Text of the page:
Daily life in dryland communities is so often dominated by the struggle to meet basic needs, such as food and clean water.

When people lack these essential resources, all other concerns become secondary. People find themselves trapped in a cycle of poverty, forcing them to focus on the short-term to get through each day.

These issues are fundamentally linked with water scarcity; without access to a safe and reliable water source, farmers cannot grow enough food for their families and their future prospects can seem limited.

While the problem of water shortages may not discriminate, this is not to say that it affects everyone in the same way. Across global drylands, it is often women and girls who bear the heaviest burdens when communities lack sufficient access to water.

UN Women recently reported that women and girls experience disproportionate harm as a result of the impacts of climate change, with a key reason being that they are more likely to be responsible for collecting water.

Water collections trips can be dangerous, with possible dangers including wild animal encounters, abduction, and even rape during their journey.

“Water scarcity limited our access to safe water for drinking and for practising basic hygiene, both at home and in schools. It took its toll, especially on women and girls, who are faced with many possible dangers on the long journey to collect water, such as rape, abuse and wild animals... I used to fear sending my daughters to the river."

Agnes Mwende, Muunguini self-help group member, southeast Kenya.

Entrenched gender inequalities are also restricting the decision-making ability of women, creating a scenario where women and girls are especially deprived of opportunities to shape their own futures.

As climate change contributes to increasingly intense dry seasons, women and girls are making longer journeys (up to 12 hours a day) in search of a water source. The time and energy they spend on this task leaves them with less to devote to their livelihoods and education.

In the face of these challenges, sand dam projects offer relief from the pressures of water scarcity by providing a year-round source of clean water closer to people’s homes.

A sand dam is a concrete wall built across a seasonal riverbed that captures up to 40 million litres of water, replenishing every rainy season. This water is stored within sand, where it is kept safe from disease and evaporation. Watch here how sand dams work:

As well as providing a source of water which meets WHO drinking standards, sand dams also recharge groundwater levels and raise the water table both above and below the dam. This helps to restore degraded land, rebuild farming prospects by improving soil fertility, and regreen environments by encouraging vegetation growth.

With a reliable water supply and more fertile soil, farmers can grow more food to eat, store, and sell. As incomes increase from selling excess produce, parents are better able to pay school fees for their children.

A key part of sand dam projects is providing training in sustainable agriculture and environmental protection measures, helping communities get the most from their sand dam while conserving their natural resources.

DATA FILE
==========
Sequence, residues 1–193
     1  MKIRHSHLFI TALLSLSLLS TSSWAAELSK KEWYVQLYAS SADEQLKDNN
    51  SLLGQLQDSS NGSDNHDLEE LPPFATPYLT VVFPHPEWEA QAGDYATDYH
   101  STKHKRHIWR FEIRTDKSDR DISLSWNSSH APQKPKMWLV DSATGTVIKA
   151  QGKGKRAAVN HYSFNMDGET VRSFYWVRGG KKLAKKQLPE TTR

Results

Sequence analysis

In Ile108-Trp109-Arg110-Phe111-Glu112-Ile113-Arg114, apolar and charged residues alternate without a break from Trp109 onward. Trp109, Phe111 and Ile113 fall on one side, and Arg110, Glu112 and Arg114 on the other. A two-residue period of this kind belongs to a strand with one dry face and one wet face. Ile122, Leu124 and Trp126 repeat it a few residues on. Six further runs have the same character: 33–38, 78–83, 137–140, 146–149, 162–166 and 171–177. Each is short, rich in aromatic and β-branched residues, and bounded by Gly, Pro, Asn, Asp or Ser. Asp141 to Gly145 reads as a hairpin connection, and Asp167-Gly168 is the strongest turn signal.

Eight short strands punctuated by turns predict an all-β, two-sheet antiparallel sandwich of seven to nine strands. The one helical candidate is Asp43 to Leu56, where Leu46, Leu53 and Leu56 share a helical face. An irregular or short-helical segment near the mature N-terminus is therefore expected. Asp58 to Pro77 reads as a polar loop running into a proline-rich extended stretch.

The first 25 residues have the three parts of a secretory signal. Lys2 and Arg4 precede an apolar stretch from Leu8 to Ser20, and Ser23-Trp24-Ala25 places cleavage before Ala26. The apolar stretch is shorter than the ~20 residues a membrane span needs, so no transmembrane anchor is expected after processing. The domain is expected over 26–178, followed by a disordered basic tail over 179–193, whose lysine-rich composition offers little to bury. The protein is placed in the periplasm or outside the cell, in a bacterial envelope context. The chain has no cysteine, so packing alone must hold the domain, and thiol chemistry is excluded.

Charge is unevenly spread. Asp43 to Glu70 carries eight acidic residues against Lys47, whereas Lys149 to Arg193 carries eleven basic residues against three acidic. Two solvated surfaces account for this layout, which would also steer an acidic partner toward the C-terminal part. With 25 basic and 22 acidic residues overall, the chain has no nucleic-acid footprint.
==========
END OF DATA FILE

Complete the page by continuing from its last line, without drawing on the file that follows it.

There are multiple positive impacts of sand dam projects for dryland communities, yet they offer specific benefits for women and girls. For example, when water is available closer to home women and girls will spend less time on journeys to fetch water, allowing them more time to focus on their educations, their livelihoods, and their future careers.

“We believe that our children now have something to smile about; a promise for the future that they will never lack water. They shall get enough time to play and do their homework without the stress of water collection.”

Angelina Muthoka, Muunguini self-help group member, southeast Kenya.

In our recently published 2022 impact report (which you can read here), we found that sand dam projects have profound effects on the lives of women and girls. For instance, we observed a 112% increase in the number of women feeling hopeful about their futures, as well as a 241% increase in the number feeling proud of themselves.

Data from our Kenya programme shows that community self-help groups have a 60% female membership on average, whilst in our Zimbabwe programme we see an average of 50% female membership. With this level of representation in local community projects, women are better able to communicate their needs and have their voices heard.

You can learn more about the impact of our projects on the lives of women and girls here, in which two women from the Muunguini self-help group (pictured above) share their experience of life before and after building a sand dam in their community.

Women and girls play such an important role in dryland communities and deserve every opportunity in their lives. With your support, we can enable more communities to build sand dams and give women and girls more of a say in their futures, for generations to come.

£30 could provide a dryland farmer with drought-tolerant seeds, to grow a reliable source of fresh food for their children

£60 could provide a community with a roll of barbed wire, to reinforce and strengthen their sand dam during construction

£100 could provide 500 tree seedlings and a spray pump, to protect the trees from insects

Thank you so much for taking the time to read this and for your continued support. Any donation you could make today would be hugely appreciated and would be a valued contribution to our work supporting women and girls in drylands to shape their own futures.

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